If you only had energy for ONE make-from-scratch food, what would it be? Is your preference for taste or health?
Soup. Good home-made soups are much better what you can get in most restaurants. Here’s a great recipe for Vietnamese soup. The better your broth, the better the soup.
|I love food and I love to savor tastes in food, but there are often times I eat foods even if I’m not in the mood for them because I know it will keep me healthy and feeling good. I would say anything with grass-fed beef and some type of green vegetable.|
What food was your favorite that you no longer eat (or shouldn’t eat)?
Fish and chips. Although I make homemade french fries with coconut oil now (beef tallow is next!), and I haven’t even thought about how to make the fish yet, but I think that’s something I could do with a little research. I haven’t eaten fish and chips since probably 2001.
What’s your favorite real/traditional food?
At the moment, lactofermented turnips and beets. Delicious! And beautiful, too. Oh, and I could eat raw oysters all day. And good soup.
I love grass-fed beef prepared in a variety of ways. It’s by far my favorite. I find this interesting because I spent a good portion of my life hating red meat and avoiding it – in part due to what I heard about it from health “experts”
What was the hardest transition to make to real food?
Hunting down good sources of meat has taken some time. I miss ordering freely in Chinese restaurants, too.
|I didn’t have trouble eating healthy foods, because I was so tired of feeling bad.|
What’s next on your list of changes to make?
I’m thinking of trying the GAPS diet for a month, just to see what happens.
Learning about cooking from scratch in more detail and trying more new things.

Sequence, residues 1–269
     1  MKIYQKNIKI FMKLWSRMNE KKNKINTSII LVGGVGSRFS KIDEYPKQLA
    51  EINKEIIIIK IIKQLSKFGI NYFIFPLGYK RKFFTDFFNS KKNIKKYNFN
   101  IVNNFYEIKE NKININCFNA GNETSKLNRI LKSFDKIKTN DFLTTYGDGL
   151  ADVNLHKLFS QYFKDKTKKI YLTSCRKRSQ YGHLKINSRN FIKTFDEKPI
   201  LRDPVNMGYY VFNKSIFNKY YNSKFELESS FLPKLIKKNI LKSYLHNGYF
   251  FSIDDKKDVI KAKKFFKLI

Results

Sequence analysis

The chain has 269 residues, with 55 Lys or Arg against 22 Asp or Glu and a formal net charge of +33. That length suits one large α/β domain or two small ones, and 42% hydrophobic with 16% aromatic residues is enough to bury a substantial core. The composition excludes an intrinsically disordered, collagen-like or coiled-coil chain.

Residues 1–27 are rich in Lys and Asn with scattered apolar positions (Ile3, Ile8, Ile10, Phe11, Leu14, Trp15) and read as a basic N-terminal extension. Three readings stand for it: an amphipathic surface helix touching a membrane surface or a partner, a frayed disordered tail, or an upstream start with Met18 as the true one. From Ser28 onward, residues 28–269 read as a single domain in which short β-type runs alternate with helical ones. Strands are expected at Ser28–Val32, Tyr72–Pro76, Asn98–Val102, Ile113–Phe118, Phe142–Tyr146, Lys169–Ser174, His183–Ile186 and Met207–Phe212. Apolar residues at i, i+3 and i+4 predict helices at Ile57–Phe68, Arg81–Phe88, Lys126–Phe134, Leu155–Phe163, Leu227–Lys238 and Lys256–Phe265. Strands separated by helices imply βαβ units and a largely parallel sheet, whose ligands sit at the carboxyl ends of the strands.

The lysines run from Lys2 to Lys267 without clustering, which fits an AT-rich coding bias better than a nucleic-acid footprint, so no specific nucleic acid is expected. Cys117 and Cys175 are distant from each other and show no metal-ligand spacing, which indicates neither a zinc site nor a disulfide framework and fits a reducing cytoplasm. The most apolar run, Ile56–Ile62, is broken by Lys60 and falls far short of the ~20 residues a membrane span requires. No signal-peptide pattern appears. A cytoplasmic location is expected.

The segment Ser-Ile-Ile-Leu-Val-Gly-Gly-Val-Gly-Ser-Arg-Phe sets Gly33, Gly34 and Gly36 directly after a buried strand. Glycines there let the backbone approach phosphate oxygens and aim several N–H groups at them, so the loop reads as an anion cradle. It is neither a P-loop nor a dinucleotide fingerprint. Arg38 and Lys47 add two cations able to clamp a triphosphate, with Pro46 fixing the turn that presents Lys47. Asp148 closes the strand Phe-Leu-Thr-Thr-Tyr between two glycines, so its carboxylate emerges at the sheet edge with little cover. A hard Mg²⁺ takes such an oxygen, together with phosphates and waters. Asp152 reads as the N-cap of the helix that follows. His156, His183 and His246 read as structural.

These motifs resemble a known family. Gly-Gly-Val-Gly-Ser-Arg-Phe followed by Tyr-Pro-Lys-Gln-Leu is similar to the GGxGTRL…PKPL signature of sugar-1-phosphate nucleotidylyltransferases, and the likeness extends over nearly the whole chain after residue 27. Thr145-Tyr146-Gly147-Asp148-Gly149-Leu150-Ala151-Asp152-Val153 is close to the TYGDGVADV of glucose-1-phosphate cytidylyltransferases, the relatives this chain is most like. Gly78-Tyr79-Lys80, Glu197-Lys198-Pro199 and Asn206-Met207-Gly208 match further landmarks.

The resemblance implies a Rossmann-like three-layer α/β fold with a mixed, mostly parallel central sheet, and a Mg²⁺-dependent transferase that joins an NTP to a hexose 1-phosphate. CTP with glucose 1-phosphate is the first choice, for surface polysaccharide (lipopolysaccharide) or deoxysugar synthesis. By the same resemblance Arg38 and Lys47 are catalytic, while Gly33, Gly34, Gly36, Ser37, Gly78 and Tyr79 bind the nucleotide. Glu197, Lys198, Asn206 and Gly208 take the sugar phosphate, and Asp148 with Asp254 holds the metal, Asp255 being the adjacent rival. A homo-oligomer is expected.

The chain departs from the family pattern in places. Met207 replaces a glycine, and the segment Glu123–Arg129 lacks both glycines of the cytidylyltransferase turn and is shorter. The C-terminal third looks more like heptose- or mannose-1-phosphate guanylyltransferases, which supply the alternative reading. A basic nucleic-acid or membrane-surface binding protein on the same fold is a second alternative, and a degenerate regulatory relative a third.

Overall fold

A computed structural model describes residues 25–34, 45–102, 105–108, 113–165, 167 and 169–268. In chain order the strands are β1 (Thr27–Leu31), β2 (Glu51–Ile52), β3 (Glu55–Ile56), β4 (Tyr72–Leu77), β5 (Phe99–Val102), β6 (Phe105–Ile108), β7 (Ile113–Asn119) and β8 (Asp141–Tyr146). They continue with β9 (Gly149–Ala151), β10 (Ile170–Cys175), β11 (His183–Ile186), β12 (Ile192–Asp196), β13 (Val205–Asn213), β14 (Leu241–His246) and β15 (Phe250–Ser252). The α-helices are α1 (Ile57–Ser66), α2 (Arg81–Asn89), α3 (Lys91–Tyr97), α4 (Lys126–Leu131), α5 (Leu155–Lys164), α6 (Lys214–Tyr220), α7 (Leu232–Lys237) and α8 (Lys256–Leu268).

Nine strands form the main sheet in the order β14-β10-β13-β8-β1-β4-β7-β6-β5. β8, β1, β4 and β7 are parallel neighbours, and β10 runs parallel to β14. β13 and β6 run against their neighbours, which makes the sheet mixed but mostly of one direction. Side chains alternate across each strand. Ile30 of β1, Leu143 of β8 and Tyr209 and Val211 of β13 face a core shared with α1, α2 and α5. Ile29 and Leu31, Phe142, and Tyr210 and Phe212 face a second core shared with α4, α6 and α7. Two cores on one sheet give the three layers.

List your top 3 baby steps to move from a Standard American Diet to Real Food.
1) No deep-fried food unless you make it yourself. This will transform your relationship with potato chips, french fries, chicken nuggets, and so on. They take work! (While you’re at it, limit yourself to healthy oils: animal fats, butter, coconut oil, sesame oil, and perhaps peanut oil.)
• Remove refined sugars
• Industrial oils/fats
• Commercial meats and dairy
Replace with healthy counterparts – maple syrup or stevia, coconut oil/olive oil/palm oil/butter, grass-fed or pasture-raised meats/game/lamb/pork/poultry
What is the worst food (or “food”) a person could possibly put into their systems?
The icing that comes on supermarket cakes. It contains exactly two things: Crisco (trans-fat) and sugar. Oh, okay, one more thing: artificial coloring.
|Industrial oils or fats.|
What does “eating healthy” mean to you?
Getting the usable nutrients that you need. Avoiding toxins where possible. Eating enough so that you have energy, and not so much that you feel tired and heavy.
Eating healthy means eating organic, sustainable, and the most natural foods available – so no hormones, pesticides, antibiotics, steroids, preservatives, or added chemicals.
What’s the most creative thing you do to make life easier in the kitchen?